Sea-run cutthroat trout are always available in Puget Sound for fly fishing anglers fishing the beaches.  May is typically a slower month for this fishing as many fish are up the rivers for spawning.  There are, however, still fish available and baitfish patterns fished on an intermediate sinking line with a 5- to 6-weight rod will have you in the game.  Try Manchester State Park, Olalla, or Penrose Point State Park for good cutthroat water.

Another saltwater option is on the unique side of things for a fly angler but a lot of fun.  Lingcod season is open May 1st thru June 15th and these fish take flies quite well.  Anglers will need a heavy rod, preferably in the 10-weight to 12-weight range.  Fishing the fastest sinking lines on the market is important because you will need to fish 20- to 40-feet deep and close to the bottom.  Flies don't seem to matter too much but they should be big.  As big as you can cast comfortably is probably a good rule to have in mind.  Also, some kind of boat, kayak, or even a fishing style paddle board will be necessary to get into the action.

Bass & Panfish

May might be the best month for numerous bass and panfish opportunities in Washington.  Fly fishing for these warmwater species is underrated and is available all over the state.  Just about all small lakes and ponds have bass and panfish in them.  Grab your float tube, pontoon boat, or other boat and hit the water this month.  Most of the smaller lakes and ponds have mostly largemouth and panfish.  Many of the larger lakes have smallmouth as well as largemouth and panfish.  Eastern Washington abounds with these opportunities.  Western Washington has gobs as well but Western Washington lakes may not have as dense of populations.  Either way, take a 7- or 8-weight rod for bass and a 3- or 4-weight for panfish.  As a general rule, cover lots of water and look for wood structure in shallow water for largemouth and rocky structure in deeper water for smallmouth.

Fishing docks can be a great approach for both smallmouth and largemouth in the month of May on most lakes that have them.  Position your boat and make your casts as close to the dock edges as possible.  On sunny days, pay particular attention to the shady side of the dock.  An intermediate sinking to medium sinking (type 2 or 3) is usually best for fishing around docks. 

Looking for something different?  Grab a a 9- to 11-weight and the largest flies you can cast and head to one of the numerous lakes in Washington that have Tiger Muskie.  Most anglers use intermediate sinking lines or something close to that.  Heavy fluorocarbon shock tippet is necessary for these toothy critters.  Also, get ready to make lots of casts while trying to locate the elusive Tiger.  Once you hook one, though, you'll never forget it.  In the meantime, there are usually plenty of fish to see and watch follow your fly to keep things interesting.  Great fun and some lakes to try close to the Seattle area would be Lake Tapps and Mayfield Lake.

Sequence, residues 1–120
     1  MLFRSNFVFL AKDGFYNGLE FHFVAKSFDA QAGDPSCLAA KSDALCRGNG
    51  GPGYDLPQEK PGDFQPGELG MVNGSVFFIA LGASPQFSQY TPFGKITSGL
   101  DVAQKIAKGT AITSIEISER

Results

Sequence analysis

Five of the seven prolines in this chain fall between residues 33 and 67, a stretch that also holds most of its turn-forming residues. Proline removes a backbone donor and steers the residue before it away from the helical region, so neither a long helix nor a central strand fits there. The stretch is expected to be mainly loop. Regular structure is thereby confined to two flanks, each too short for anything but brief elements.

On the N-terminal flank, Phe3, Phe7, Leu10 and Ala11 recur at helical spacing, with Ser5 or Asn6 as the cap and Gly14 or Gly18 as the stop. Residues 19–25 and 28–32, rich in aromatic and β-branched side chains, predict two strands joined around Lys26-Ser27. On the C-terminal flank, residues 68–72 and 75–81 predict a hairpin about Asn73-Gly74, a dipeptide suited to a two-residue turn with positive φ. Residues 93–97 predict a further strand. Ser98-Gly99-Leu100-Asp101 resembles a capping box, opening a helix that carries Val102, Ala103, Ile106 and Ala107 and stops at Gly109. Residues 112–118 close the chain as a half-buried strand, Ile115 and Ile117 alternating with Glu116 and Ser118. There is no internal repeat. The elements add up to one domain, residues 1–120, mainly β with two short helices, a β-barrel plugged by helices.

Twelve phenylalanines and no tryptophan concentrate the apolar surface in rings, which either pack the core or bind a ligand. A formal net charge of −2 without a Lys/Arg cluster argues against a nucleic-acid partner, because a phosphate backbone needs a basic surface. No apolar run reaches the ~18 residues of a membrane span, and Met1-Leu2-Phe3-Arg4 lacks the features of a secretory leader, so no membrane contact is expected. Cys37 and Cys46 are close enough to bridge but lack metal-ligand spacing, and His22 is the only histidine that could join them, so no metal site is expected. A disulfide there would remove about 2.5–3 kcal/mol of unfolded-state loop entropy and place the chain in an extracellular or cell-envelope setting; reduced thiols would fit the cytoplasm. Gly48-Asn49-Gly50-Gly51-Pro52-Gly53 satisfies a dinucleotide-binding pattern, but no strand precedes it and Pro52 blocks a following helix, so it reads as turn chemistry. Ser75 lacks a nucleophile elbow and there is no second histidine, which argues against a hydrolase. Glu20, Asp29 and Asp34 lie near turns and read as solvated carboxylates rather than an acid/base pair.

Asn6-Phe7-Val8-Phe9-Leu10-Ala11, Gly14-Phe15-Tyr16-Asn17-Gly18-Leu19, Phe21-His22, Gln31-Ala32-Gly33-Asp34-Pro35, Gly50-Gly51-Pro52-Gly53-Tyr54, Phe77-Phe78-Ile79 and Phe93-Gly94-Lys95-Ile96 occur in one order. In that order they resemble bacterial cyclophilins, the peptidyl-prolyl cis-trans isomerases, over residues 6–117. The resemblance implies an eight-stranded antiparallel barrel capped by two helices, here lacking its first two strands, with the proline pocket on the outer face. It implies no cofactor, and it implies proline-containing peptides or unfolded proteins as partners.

Steelhead & Salmon

May is the quiet month for steelhead and salmon for fly anglers in our area.  Most rivers are closed for outgoing smolt migration or spawning winter steelhead.  A few rivers are open, like the Cowlitz or some rivers in Oregon, but most fly anglers take advantage of other opportunities during May.  Once we hit late May and into June, the salmon/steelhead game will be back for summer steelhead.  Rivers like the Skykomish open the last Saturday of May and most are open by the beginning of June. We've had good returns of Chinook lately and already seeing some indications of good returns for this year.  Fresh chinook take flies pretty well with large, flashy flies fished on sink-tips.  The rivers on the Olympic Peninsula certainly offers some opportunities here, and the opportunity to fish the mouth close to the saltwater is a significant advantage when it comes to Chinook. For steelhead and salmon especially, please make sure to keep an eye on the regulations as they can change quickly.

Summary

Give us a call if we can help with further advice or equipment, flies, etc.  Hope you get out and take advantage of Washington's year-round fly fishing season!

-- Michael 

Pacific Fly Fishers
Ph:  425-742-2402
Email:  Info@PacificFlyFishers.com